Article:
The see-saw battle would continue. Myers evened the score, 3-3, at 13:50 of the second period. Jamie Langenbrunner responded, putting the Devils ahead, 4-3, at 18:01 of the second period. New Jersey once again failed to hold their lead. Ennis tied the game at four at 8:54 of the third period. Both teams moved to the shootout, where Vanek and Langenbrunner both scored. Roy put his team ahead, and set up one of the worst moments for Kovalchuk this season:

Jhonas Enroth stopped 28 shots for the win. Hedberg stopped 38 in the loss.

The Devils ended their season series against the Sabres with a 2-0 shutout loss on March 26. Nathan Gerbe put his team ahead, 1-0, at 4:17 of the opening period. Vanek, a thorn in the Devils side all season, extended their advantage to 2-0 at 16:17 of the first period. Miller finished with 30 saves, and Brodeur stopped 26 shots.

Buffalo outscored New Jersey, 13-6, in their four games last season. That’s a pretty terrible ratio. Twice they hung four-plus goals on them, which is clearly unusual.

This Season’s Matchup

Pegula’s checkbook reshaped the Buffalo franchise this offseason. They spent $30.6 million in unrestricted free agency, giving a 6-year, $27 million to Ville Leino. Cody McCormick earned himself a raise, inking a three-year, $3.6 million deal. They also locked up Enroth to a two-year, $1.35 million deal. The makeover didn’t stop there.

The Sabres completed two big trades to compliment their offseason spending. They traded a 2012 fourth round draft pick to the New York Islanders to gain the negotiating rights for Christian Erhoff. They inked him to a 10-year, $40 million deal. They weren’t done there. Robyn Regehr, Ales Kotalik and a 2012 second-round pick came over from Calgary in exchange for Paul Byron and Chris Butler.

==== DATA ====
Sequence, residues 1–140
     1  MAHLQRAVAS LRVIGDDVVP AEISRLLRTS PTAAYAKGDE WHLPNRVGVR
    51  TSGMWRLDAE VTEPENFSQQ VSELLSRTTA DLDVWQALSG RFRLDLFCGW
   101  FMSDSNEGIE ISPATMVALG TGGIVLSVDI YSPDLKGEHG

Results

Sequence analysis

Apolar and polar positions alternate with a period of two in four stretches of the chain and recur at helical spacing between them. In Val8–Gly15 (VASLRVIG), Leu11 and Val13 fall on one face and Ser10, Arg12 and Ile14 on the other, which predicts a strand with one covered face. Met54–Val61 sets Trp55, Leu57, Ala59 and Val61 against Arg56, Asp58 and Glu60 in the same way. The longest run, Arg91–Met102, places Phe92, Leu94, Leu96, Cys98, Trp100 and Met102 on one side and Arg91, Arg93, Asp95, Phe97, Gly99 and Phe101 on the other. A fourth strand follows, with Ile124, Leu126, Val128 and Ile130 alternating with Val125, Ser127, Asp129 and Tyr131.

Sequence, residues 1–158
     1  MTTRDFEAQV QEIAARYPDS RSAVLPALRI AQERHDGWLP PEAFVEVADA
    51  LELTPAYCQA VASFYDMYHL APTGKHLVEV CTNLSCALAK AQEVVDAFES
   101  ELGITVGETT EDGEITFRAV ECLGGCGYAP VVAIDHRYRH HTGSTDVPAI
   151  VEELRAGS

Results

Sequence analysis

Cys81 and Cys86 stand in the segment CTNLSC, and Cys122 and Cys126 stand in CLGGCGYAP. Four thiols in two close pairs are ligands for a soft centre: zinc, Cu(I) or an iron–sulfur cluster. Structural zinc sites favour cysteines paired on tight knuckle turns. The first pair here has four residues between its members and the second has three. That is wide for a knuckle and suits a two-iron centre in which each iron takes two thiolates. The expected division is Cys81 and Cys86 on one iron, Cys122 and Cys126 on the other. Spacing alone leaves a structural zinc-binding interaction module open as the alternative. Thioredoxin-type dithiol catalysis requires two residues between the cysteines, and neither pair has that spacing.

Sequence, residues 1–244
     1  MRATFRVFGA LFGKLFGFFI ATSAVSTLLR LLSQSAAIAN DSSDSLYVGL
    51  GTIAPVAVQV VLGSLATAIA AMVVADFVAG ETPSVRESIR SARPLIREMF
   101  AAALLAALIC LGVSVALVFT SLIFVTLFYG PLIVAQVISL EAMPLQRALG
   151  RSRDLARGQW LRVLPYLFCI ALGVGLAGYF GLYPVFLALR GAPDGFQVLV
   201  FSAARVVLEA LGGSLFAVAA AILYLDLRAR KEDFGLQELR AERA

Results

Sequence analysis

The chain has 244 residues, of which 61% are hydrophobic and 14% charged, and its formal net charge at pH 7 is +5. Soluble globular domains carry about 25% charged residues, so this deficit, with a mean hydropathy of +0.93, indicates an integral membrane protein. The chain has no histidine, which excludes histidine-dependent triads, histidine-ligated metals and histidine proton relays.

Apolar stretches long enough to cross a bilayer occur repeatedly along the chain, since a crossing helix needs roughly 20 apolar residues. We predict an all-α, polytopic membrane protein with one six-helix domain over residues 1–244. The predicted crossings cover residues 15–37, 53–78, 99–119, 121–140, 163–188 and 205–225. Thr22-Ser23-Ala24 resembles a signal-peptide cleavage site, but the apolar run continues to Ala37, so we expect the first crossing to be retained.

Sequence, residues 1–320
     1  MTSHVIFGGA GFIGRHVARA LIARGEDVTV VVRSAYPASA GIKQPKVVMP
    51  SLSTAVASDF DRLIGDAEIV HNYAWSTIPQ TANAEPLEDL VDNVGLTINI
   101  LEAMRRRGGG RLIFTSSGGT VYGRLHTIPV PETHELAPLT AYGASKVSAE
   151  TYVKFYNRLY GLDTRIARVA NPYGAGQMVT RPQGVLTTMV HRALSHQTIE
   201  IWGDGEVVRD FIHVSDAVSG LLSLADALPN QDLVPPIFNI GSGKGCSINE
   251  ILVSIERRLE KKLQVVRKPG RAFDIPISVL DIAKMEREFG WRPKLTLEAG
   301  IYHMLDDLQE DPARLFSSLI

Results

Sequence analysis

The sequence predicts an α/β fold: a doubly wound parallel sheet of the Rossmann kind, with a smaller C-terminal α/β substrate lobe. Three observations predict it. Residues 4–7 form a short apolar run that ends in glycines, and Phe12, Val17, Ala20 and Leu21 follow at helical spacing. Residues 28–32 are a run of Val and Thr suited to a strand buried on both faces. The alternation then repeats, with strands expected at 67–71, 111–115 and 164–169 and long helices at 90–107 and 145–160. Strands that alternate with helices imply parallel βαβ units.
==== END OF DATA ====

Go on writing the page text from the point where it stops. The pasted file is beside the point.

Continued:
The Sabres already have an elite goalie, and they made a good defense even better. Match that with their offensive players, and the Sabres look great on paper. If they can put it all together, they’ll seriously challenge the Washington Capitals and Pittsburgh Penguins at the top of the division.

The teams will once again square off four times this year, beginning November 16. They end the season series on Valentine’s Day.

Stat Pack

Myers recorded four points against the Devils last season, tied with Vanek for the team lead…Despite two wins against the Devils last season, Miller is just 8-9-4 against New Jersey. He still carries a 2.19 goals-against average and .927 save percentage…Brodeur struggled last year, but has owned the Sabres in his career. In 57 gams (56 starts), he’s 30-16-2 with five ties against Buffalo, with a 2.17 goals-against average and a .913 save percentage.

  1. No comments yet.
  1. No trackbacks yet.

Leave a Reply

Fill in your details below or click an icon to log in:

WordPress.com Logo

You are commenting using your WordPress.com account. Log Out / Change )

Twitter picture

You are commenting using your Twitter account. Log Out / Change )

Facebook photo

You are commenting using your Facebook account. Log Out / Change )

Google+ photo

You are commenting using your Google+ account. Log Out / Change )

Connecting to %s

%d bloggers like this: